One day after Germany’s leading economic institutes slashed their forecasts for 2019 growth by more than half on Thursday (and warned that the economy could slow much more if Britain quits the European Union without an agreement), Germany again confirmed just how bad the manufacturing recession at the heart of the Eurozone is, when it reported that Industrial orders fell by the biggest margin sequentially in more than two years in February, slumping 4.2%, badly missing consensus expectations of a 0.3% rebound, and worse than last monght's -2.1% drop, highlighting the extent of the slowdown amid ongoing global trade disputes.
On an annual basis, the collapse was almost unprecedented, with the 8.2% drop matching the worst since the global financial crisis.
The drop in orders in February was marked by a slump in foreign demand, data from the Economy Ministry showed. Across sectors, orders of capital goods fell by 6.0%, compared with a decrease of 0.9% and 3.5% for intermediate and consumer goods orders, respectively.
As Goldman recaps, the February weakness was "broad-based across regions and sectors. Foreign orders declined the most (by 7.9%mom, of which -2.9% from the Euro area countries) against a decrease of 1.6% for domestic orders."
Digging between the numbers, the IIF's Robin Brooks noted that contrary to consensus, it wasn't collapsing Chinese trade that was the culprit for the drop, but rather the GDP contraction in Turkey that disproportionately hit German manufacturing: while German exports to Turkey are only 1.4% of total, they were down 22% in the year to Jan. 2019.
German manufacturing has been disproportionately hit by the GDP contraction in Turkey. German exports to Turkey are only 1.4% of the total, but are down 22% in the year to Jan. 2019. So this is very idiosyncratic and not a reflection of global demand! Fade... pic.twitter.com/sNc3E2yZTw— Robin Brooks (@RobinBrooksIIF) April 4, 2019
Long the Eurozone’s economic powerhouse, Germany barely avoided a technical recession at the end of last year and posted its weakest growth in five years in 2018 as its export-orientated economy is slowed by the trade and Brexit headwinds.
As Reuters notes, Germany’s slower-than-previously-expected growth means Finance Minister Olaf Scholz’s fiscal room for maneuver is getting tighter as tax revenues are likely to come in lower than expected this year. Last month, the cabinet passed a draft budget for 2020 that calls for a 1.7% spending increase and relies on ministries to cut costs to avoid incurring new debt in light of the slowdown.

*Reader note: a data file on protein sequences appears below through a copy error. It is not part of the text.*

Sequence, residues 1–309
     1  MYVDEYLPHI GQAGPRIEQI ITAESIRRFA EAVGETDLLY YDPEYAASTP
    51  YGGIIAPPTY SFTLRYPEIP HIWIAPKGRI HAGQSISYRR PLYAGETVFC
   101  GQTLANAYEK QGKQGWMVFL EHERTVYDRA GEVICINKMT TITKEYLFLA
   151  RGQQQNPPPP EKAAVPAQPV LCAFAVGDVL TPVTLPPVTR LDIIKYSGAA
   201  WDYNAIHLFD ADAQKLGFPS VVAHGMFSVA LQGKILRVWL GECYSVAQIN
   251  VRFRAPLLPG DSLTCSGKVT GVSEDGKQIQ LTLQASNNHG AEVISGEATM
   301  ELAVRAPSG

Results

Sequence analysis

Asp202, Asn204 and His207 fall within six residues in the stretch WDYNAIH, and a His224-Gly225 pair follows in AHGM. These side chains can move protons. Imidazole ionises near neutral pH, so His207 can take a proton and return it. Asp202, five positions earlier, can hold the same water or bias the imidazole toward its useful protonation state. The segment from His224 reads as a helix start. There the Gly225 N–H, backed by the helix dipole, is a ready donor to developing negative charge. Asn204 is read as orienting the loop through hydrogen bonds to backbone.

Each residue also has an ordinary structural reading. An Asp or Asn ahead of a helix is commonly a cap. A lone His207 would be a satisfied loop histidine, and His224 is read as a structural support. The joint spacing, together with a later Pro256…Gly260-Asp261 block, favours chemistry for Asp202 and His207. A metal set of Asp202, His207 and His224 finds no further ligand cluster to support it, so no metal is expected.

The tighter public finances - after years of budget surpluses routinely exceeding expectations - are starting to raise tensions over spending priorities in Merkel’s awkward grand coalition, senior party officials say. Defense Minister Ursula von der Leyen said last month the ministry would have to fight next year to ensure that defense spending continues to expand as a share of the overall economy to move toward the NATO target of 2 percent of economic output.
Meanwhile as we noted yesterday, the German institutes’ forecasts were completed by March 29, the date Britain was originally due to leave the EU, when the institutes assumed it would not quit without an agreement on the terms. The deadline has since been extended to April 12. Their estimates feed into the government’s own growth projections, which will be updated later this month. In January, the government forecast growth of 1.0 percent for this year.
Economy Minister Peter Altmaier said the slowdown in Germany seen in the second half of 2018 would be overcome during the course of this year and replaced by an economic upswing. Still, officials are hopeful that once global trade disputes and Brexit are resolved, growth can pick up next year.
Summarizing all of the above, ING economist Carsten Brzeski said that "awful new-order data suggests that German industry is still suffering from Brexit woes and global uncertainties."